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Traders work on the floor of the New York Stock Exchange in New York.
Traders work on the floor of the New York Stock Exchange in New York.

Some US Bank Bulls Grow Wary on Policy Uncertainty

Some investors see as a growing risk the flattening yield curve under a more aggressive rate-hike path by the Fed

Some US Bank Bulls Grow Wary on Policy Uncertainty

Bank shares have been the runaway winners of the post-election US stock market boom as investors wagered that higher interest rates, lighter regulation, lower taxes and faster economic growth would boost profits for lenders.
Up 32% since the election of Donald Trump, the S&P 500's bank index has outpaced the wider market's gain by roughly 3-to-1. Now, however, a changing dynamic in the bond market as the US Federal Reserve gears up to raise interest rates at a faster pace than many had previously expected is beginning to give pause to some early bank stock bulls, Reuters reported.
With another strong US jobs report in the books, the Fed is widely expected to raise overnight interest rates on Wednesday, and is now seen delivering three rate hikes in 2017.
Rising rates can boost bank profits, but bank profitability also hinges on the difference between short-term rates, like those set by the Fed and which tend to mark the cost for banks to acquire their funds, and long-term rates, which serve as benchmarks for what banks charge their customers for loans.
When that difference, or spread, is large, bank profits can rise rapidly. When it narrows, or flattens, profit growth can suffer.
Growing Risk
At issue now is what some investors see as a growing risk of a flattening yield curve under a more aggressive rate-hike path by the Fed. Forwards pricing for 2- and 10-year treasury yields suggests the spread between them will narrow to about 93 basis points by year-end from the current 122 points.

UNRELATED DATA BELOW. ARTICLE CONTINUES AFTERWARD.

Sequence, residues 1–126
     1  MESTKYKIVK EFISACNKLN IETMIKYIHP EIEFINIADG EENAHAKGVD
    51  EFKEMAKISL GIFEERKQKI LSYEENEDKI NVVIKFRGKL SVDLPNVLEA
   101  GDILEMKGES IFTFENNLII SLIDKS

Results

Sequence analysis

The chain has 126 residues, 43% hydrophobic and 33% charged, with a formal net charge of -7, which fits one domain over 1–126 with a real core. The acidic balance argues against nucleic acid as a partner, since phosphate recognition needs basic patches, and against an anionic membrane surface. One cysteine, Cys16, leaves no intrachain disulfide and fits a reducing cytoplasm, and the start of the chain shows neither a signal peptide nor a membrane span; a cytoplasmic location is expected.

That is why Jeffrey Gundlach, chief executive officer at DoubleLine Capital and an early buyer of the Trump rally, said he has sold his financial stocks.
"When the Fed tightens more than once a year, historically it is very consistent with a flatter curve," Gundlach said. "The yield curve won't help the sector."
In the month after the Nov. 8 US presidential election, the S&P 500 bank index rose 24%. Since then the stocks have risen 5.7% as many investors awaited concrete signs of regulatory and tax reform.
"Post-election, that was the easy money on financials right there," DoubleLine's Gundlach said.
More Than Just the Curve
To be sure, the bank rally has been grounded on more than just rate hike expectations and yield curve forecasts. Investor interest has also been stoked by assumptions about Trump's agenda in Washington.
Investors have been betting that Trump's promises of tax cuts would boost consumer spending and company profits, which would drive loan demand. Meanwhile, his promise to slash regulations could also cut compliance costs and allow banks to expand their loan portfolios more rapidly than possible under restrictions imposed following the financial crisis.
That is among the reasons why David Lebovitz, global market strategist at J.P. Morgan Asset Management, still expects more gains for financial stocks.
Even if regulatory and tax reform looks like it will take a long time, investors will likely be patient as long as Trump's administration provides more specifics on its plans including timetables, Lebovitz said.
But he cautioned that "disappointment on the policy front is the biggest risk" to stocks right now as investors have priced in policy changes already.
Paul Nolte, portfolio manager at Kingsview Asset Management in Chicago, said that the bank sector's outperformance may be "done" but stopped short of calling for a correction.
"I'm not sure investors are looking at the shifting yields and market conditions. It seems to be buy and worry about the 'why' later," he said.
Meanwhile, US banks have hit the brakes on lending since Donald Trump’s election in November, casting doubt on claims that the president’s victory has unleashed “animal spirits” in the economy.
For the first time in more than five years, total outstanding bank loans have dipped for two consecutive months with declines in December and January. The Federal Reserve’s latest figures, published last week, show that the weakness has continued so far in February.

 

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